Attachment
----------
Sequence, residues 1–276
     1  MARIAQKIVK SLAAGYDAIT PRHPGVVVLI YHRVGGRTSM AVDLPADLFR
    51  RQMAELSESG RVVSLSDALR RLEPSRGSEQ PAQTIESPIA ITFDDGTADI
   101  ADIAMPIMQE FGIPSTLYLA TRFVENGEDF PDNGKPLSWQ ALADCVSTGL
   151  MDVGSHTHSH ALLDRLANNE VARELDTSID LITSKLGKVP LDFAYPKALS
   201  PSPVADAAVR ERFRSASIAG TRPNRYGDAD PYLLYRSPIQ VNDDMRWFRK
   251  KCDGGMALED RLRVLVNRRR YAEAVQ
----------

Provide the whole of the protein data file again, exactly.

Sequence, residues 1–276
     1  MARIAQKIVK SLAAGYDAIT PRHPGVVVLI YHRVGGRTSM AVDLPADLFR
    51  RQMAELSESG RVVSLSDALR RLEPSRGSEQ PAQTIESPIA ITFDDGTADI
   101  ADIAMPIMQE FGIPSTLYLA TRFVENGEDF PDNGKPLSWQ ALADCVSTGL
   151  MDVGSHTHSH ALLDRLANNE VARELDTSID LITSKLGKVP LDFAYPKALS
   201  PSPVADAAVR ERFRSASIAG TRPNRYGDAD PYLLYRSPIQ VNDDMRWFRK
   251  KCDGGMALED RLRVLVNRRR YAEAVQ